Coventry submits plans for UK gigafactory
19 July 2021
A planning application for a gigafactory in Coventry has been submitted by a joint venture of the city’s council and airport. The proposed 5.7million sq ft site will be used for both battery production and recycling.
The plans are the latest in a wave of announcements from different businesses investing in UK electromobility. From OEMs committing to localised production, to new companies wanting to establish themselves in what will undoubtedly be a thriving industry, the technology is giving the automotive sector grounds to restructure supply chains.
Mapping out a milestone
The proposaled gigafactory could generate at least 4,500 jobs directly as well as thousands more across the supply-chain, raising investments of up to £2 billion (€2.4 billion) in the West Midlands. Additionally, some £434 million gross value added (GVA) will be added to the regional economy each year. In a commitment to sustainability, the gigafactory will also be powered by 100% green energy from sources like solar wind, as well as grid supplied renewables
Proposals for the Coventry gigafactory and the associated joint venture were first announced in February this year. The future of the plans will be determined by Warwick District Council and Coventry City Council later in 2021.
The council and airport hope that their partnership will ensure the site is ready for investment and can become operational quickly, making it more appealing to potential investors.
‘The submission of a planning application for a gigafactory is the important next step as we seek to deliver battery production for the West Midlands,’ said councillor George Duggins, leader of Coventry City Council. ‘We have worked with regional partners and industry experts at pace to deliver outline proposals for a world-leading facility, powered by green energy and ready for investment.’
Prime Minister Boris Johnson recently commented in Parliament that a gigafactory in the West Midlands would contribute to ensuring the region ‘lead(s) in building new electric vehicles for this country and for the world.’ The UK government has made up to £500 million in funding available for such a facility, which the area will be bidding for.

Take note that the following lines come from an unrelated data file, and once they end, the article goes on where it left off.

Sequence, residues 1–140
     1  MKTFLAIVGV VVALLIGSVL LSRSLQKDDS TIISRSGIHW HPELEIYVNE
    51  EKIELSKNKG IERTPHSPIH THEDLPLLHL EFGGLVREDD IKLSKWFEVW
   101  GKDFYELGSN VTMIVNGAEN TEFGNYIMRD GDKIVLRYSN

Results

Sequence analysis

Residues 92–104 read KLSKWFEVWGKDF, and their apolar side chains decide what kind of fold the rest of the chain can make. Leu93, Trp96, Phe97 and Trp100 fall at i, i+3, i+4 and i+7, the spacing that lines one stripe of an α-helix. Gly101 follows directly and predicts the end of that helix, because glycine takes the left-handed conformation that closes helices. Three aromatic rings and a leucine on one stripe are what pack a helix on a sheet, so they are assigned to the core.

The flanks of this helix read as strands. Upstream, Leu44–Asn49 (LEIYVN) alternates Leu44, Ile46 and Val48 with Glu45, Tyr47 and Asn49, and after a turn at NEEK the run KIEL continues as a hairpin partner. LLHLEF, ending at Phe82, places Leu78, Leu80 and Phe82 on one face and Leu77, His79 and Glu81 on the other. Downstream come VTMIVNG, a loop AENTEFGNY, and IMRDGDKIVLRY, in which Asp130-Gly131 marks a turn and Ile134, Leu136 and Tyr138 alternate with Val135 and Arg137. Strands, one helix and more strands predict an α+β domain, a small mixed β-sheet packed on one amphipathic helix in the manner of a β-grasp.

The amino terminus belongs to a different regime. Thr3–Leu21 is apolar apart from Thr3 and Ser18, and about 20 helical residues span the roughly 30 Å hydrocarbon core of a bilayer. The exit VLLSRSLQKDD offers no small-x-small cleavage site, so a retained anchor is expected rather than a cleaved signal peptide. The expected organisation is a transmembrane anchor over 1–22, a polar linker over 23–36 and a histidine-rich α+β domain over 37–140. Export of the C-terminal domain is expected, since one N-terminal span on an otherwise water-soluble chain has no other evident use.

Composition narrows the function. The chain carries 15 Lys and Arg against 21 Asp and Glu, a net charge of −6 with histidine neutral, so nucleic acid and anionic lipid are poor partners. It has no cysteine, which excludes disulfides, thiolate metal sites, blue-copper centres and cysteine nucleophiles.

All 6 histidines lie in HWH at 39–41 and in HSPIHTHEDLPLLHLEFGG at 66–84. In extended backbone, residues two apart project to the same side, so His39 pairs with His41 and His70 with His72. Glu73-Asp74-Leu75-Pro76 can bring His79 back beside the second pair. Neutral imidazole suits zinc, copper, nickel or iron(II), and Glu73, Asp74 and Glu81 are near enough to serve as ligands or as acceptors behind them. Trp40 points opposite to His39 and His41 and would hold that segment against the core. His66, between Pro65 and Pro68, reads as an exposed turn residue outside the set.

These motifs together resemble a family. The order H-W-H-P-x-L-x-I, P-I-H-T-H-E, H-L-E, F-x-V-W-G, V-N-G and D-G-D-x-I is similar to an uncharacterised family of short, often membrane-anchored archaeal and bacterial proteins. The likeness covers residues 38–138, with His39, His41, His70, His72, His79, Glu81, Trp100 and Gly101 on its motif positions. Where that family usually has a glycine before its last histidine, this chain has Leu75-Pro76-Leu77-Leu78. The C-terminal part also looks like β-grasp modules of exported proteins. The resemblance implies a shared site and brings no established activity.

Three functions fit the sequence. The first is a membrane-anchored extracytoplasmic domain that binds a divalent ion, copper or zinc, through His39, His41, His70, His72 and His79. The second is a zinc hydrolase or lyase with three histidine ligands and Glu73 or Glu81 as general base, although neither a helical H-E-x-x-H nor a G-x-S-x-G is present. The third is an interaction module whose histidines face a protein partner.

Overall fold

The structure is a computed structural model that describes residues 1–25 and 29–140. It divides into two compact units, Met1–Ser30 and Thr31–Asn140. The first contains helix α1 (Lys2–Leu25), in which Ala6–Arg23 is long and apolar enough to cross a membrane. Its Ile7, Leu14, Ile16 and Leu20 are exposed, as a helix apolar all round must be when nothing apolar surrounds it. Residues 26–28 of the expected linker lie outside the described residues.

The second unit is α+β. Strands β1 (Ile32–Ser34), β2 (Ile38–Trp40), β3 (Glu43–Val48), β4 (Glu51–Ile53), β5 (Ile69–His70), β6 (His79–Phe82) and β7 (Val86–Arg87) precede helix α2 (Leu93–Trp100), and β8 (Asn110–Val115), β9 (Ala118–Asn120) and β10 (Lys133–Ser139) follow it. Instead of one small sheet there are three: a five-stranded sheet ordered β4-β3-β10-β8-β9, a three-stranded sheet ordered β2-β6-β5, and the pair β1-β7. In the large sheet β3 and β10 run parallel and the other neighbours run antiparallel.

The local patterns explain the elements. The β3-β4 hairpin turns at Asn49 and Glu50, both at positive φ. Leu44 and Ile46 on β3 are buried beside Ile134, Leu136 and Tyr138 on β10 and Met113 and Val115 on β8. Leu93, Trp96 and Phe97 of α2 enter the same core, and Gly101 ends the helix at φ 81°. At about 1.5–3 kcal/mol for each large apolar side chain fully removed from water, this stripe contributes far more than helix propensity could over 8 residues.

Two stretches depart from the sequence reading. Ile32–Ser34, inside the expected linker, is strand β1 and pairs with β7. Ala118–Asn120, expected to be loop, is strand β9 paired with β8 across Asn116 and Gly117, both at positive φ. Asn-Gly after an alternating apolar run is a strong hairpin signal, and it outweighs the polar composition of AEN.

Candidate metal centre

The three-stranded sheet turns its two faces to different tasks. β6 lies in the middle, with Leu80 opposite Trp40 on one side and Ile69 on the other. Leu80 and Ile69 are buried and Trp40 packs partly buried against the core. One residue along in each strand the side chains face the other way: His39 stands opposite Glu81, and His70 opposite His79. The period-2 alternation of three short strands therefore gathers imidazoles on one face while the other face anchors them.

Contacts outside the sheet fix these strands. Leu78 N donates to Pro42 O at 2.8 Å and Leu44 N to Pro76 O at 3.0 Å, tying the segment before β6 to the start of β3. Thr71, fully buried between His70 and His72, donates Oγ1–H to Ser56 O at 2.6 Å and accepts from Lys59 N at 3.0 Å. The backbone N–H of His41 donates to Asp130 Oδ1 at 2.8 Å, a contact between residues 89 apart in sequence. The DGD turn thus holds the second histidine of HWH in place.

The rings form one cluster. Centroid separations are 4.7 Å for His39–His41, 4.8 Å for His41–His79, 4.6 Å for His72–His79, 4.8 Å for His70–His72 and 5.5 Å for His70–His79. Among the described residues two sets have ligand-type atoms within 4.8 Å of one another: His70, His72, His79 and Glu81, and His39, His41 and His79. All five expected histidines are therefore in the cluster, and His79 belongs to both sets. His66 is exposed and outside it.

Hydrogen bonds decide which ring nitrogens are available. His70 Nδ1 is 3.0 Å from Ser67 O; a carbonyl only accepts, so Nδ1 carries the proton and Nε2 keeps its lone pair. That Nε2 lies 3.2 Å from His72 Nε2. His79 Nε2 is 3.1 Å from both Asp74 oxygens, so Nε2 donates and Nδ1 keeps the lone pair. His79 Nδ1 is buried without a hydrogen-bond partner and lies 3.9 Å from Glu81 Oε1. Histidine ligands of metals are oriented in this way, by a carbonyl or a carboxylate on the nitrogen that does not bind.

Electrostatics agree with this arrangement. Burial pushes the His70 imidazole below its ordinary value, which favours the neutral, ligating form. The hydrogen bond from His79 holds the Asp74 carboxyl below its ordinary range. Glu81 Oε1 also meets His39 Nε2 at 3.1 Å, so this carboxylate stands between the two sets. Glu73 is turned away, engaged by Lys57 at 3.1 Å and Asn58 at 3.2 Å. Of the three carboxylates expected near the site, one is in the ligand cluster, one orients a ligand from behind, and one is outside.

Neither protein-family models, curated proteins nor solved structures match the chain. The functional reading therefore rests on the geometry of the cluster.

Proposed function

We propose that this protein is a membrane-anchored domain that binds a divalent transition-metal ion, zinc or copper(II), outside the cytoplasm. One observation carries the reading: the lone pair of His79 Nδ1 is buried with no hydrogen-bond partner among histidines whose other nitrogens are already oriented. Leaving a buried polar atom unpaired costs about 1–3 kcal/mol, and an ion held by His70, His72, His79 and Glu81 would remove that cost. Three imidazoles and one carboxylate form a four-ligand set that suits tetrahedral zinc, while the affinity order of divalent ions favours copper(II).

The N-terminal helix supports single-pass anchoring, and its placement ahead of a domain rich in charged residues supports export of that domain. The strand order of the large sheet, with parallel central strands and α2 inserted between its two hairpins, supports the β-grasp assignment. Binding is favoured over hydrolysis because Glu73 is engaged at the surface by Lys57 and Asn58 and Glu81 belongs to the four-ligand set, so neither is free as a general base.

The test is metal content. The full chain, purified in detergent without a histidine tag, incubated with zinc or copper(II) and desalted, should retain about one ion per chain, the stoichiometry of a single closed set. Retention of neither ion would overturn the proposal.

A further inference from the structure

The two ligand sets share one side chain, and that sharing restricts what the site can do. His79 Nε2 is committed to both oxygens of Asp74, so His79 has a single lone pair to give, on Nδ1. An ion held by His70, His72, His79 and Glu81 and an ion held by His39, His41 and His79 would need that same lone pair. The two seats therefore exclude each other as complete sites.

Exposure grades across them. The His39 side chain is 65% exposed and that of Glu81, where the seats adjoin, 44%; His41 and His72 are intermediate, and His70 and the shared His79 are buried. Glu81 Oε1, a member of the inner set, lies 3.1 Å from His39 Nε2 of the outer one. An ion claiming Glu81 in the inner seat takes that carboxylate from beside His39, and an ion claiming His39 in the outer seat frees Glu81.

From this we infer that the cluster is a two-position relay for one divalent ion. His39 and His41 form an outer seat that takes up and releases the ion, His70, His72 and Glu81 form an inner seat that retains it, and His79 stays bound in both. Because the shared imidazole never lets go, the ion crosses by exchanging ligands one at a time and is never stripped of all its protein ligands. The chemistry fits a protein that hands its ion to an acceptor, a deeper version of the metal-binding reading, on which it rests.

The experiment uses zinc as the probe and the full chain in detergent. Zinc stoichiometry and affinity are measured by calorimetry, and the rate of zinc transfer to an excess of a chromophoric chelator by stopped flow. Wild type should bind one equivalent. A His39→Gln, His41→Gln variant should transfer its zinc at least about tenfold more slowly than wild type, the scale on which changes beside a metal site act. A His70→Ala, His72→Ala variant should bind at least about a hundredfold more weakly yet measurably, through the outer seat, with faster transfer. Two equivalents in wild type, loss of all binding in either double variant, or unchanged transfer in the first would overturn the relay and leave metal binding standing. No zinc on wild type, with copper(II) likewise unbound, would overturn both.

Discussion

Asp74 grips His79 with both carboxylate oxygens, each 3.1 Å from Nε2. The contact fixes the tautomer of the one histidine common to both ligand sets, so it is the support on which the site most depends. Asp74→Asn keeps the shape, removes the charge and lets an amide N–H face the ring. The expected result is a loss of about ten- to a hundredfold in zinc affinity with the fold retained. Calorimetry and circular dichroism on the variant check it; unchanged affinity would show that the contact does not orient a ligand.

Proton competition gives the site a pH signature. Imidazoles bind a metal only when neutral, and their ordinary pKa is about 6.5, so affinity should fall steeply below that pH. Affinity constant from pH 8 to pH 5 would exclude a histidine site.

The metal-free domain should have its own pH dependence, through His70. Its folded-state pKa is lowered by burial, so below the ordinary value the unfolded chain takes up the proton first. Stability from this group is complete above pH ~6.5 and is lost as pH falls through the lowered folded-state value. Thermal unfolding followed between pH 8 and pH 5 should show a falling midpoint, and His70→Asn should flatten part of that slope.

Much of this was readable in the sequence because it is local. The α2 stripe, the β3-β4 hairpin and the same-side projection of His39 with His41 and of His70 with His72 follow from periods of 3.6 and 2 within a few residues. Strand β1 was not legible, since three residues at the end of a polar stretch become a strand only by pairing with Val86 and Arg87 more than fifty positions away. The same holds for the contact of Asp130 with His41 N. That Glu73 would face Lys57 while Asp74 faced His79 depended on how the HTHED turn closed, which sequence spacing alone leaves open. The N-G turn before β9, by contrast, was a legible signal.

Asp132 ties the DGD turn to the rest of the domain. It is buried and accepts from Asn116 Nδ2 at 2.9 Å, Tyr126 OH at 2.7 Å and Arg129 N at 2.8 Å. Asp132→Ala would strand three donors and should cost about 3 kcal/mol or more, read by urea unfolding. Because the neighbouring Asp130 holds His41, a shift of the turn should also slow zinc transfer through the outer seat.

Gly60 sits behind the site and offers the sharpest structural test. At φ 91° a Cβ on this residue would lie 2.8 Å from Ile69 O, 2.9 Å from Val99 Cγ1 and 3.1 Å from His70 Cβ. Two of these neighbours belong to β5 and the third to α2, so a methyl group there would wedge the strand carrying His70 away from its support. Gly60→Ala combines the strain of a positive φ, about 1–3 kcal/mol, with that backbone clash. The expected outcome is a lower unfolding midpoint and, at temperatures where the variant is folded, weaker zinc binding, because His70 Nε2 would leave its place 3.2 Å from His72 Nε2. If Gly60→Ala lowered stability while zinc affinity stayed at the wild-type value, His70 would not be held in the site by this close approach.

An electric revival?
Coventry City Council points out that the West Midlands is already home to the global headquarters of Jaguar Land Rover (JLR). A nearby Coventry gigafactory could therefore be highly valuable to the carmaker which announced in February that it would build battery-electric vehicles (BEVs) in Solihul.
JLR are not alone either, with the likes of LEVC, BMW, Aston Martin Lagonda and Lotus also based in the wider region. A third of all UK-produced cars come from the region, which is also home to 28% of the country’s automotive talent.
‘There is increasing pressure to ensure the UK is ready to take advantage of electrification, and together, the West Midlands is seizing the initiative to deliver for UK PLC as part of a green industrial revolution,’ said Duggins. ‘We are the ideal location for a gigafactory as the home of the UK automotive sector, alongside world-leading research in battery technology.’
After years of Brexit uncertainty, carmakers are investing in UK-based manufacturing. In 2020, Britishvolt signed a memorandum of understanding with the Welsh government to develop a gigafactory in the country. In July, Nissan said it would build batteries in the UK as part of an electrically-chargeable-vehicle (EV) ecosystem. Stellantis too recently confirmed it would build BEVs in Ellesmere Port.
Moving forward, the country cannot afford not to invest in electromobility. The Faraday Institution estimates that not building a UK battery supply chain could cost more than 100,000 jobs by 2040. The SMMT has also published a report warning that if no action is taken, the country could fall behind in the electric race.